Good technology tends to be the thing no-one really thinks about until it stops working. But when it does stop working, the CIO is the centre of their colleagues’ world.
That might be why so many IT leaders find it so difficult to think beyond keeping the lights on. Our most recent CIO survey, conducted among 900 CIOs across the world, suggested that 55 per cent of CIO budgets are focused on delivery of core IT services, with just 22 per cent devoted to business growth.
For the public sector, ‘business growth’ can be replaced with operational effectiveness or delivering on the promise to citizens of a modern public sector that embraces digital public services. Here the public organisations need to think towards online services as slick as the best of the private sector.
So beyond the ongoing narrative of real or expected public sector spending cuts, IT leaders need to consider how technology can drive organisational innovation and efficiency, and meet the growing demands on public services.
So what to do?
Innovation as a concept means risk, and that’s something for which the public sector doesn’t always have the most voracious appetite – it’s the fear of failure. IT departments, too, are often unfamiliar and uncomfortable with the unknown. But risk doesn’t have to mean playing fast-and-loose with organisational data or infrastructure.
Even venture capitalists avoid unqualified long-shots. Their risk decisions tend to be based on acceptable parameters and acknowledge failure as an inevitable part of the process. Failure on those terms isn’t a disaster.
Migrating to that mindset into the public sector is challenging, but for CIOs with the vision and appetite of a venture capitalist who can offer their teams as innovation centres, rather than purely cost-bearing organisational functions, it’s not impossible. It’s the opportunity to step up.
Our research highlights a couple of illuminating points in this respect. CIOs tend to struggle in forging partnerships or strategic alliances across their organisations. At a time when senior roles in digital are at a premium, CIOs are at risk of being left behind especially with a new generation of Chief Digital Officers ready to fill the innovation void.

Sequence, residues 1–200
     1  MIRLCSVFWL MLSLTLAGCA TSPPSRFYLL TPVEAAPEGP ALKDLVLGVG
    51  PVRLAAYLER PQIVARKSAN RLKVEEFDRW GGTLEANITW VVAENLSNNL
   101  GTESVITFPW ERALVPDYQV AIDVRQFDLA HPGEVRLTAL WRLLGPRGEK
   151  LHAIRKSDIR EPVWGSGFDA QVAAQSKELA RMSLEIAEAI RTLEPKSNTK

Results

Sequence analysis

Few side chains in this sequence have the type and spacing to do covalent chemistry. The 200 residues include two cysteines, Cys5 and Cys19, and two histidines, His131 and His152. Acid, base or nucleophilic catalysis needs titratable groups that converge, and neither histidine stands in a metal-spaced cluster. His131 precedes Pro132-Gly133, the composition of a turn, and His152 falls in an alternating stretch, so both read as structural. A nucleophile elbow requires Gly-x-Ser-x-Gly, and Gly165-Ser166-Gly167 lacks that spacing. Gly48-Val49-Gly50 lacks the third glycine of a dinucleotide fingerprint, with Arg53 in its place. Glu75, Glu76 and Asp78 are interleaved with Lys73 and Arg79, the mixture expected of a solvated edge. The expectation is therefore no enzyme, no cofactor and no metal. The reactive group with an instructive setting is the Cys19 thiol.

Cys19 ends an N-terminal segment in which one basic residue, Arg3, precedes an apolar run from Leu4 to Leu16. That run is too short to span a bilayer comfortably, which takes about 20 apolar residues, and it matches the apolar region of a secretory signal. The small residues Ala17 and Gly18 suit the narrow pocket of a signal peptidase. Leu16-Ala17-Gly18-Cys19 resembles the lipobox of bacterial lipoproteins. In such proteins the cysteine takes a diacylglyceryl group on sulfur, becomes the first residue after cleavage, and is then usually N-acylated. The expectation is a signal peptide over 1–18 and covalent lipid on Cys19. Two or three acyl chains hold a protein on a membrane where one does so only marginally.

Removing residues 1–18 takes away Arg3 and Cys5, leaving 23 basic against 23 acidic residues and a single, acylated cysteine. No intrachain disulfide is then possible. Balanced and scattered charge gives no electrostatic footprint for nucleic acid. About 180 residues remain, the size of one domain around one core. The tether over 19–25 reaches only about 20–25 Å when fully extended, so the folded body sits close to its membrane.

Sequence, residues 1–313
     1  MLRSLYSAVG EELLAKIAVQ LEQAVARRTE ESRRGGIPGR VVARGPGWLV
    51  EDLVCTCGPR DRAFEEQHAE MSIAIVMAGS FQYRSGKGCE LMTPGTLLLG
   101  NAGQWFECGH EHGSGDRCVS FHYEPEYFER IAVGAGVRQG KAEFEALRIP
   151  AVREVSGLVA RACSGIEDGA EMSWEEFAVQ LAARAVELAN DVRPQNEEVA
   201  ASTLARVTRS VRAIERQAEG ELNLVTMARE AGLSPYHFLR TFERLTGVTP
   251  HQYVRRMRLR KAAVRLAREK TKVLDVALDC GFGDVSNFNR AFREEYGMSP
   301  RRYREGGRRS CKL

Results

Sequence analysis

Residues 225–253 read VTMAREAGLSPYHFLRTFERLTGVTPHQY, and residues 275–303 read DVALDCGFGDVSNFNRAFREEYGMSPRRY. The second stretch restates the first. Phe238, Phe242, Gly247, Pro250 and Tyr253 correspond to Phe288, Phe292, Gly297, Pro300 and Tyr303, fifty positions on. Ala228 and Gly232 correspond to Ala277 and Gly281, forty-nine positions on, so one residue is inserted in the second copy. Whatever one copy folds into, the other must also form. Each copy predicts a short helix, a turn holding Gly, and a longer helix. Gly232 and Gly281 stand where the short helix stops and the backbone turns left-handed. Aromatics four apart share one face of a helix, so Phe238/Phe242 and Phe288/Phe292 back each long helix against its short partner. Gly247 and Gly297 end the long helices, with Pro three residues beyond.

If there’s a silver lining, it’s this: CIOs say their relationships are better with the more ‘traditional’ C-suite roles, like chief executives and chief financial officers, where maybe innovation is not their priority. This is the opportunity. To influence their peers on the benefits of technology investment, CIOs need to get better at storytelling. Complex IT scenarios can be brought to life with anecdotes and real world examples, helping to bring emotion to a hitherto binary subject, and positioning technology as an enabler of innovation throughout the rest of the organisation.
Risk, in this context, isn’t about a ‘hit and hope’ strategy with little real chance of success. It’s about painting a picture of the future and making sure public sector technology plays a key role in reinvigorating how public services are delivered in Scotland.
So the choice then becomes quite clear: do you want your organisation to consider IT to be a custodian of core systems or drivers of service transformation through technological innovation?
Think about it…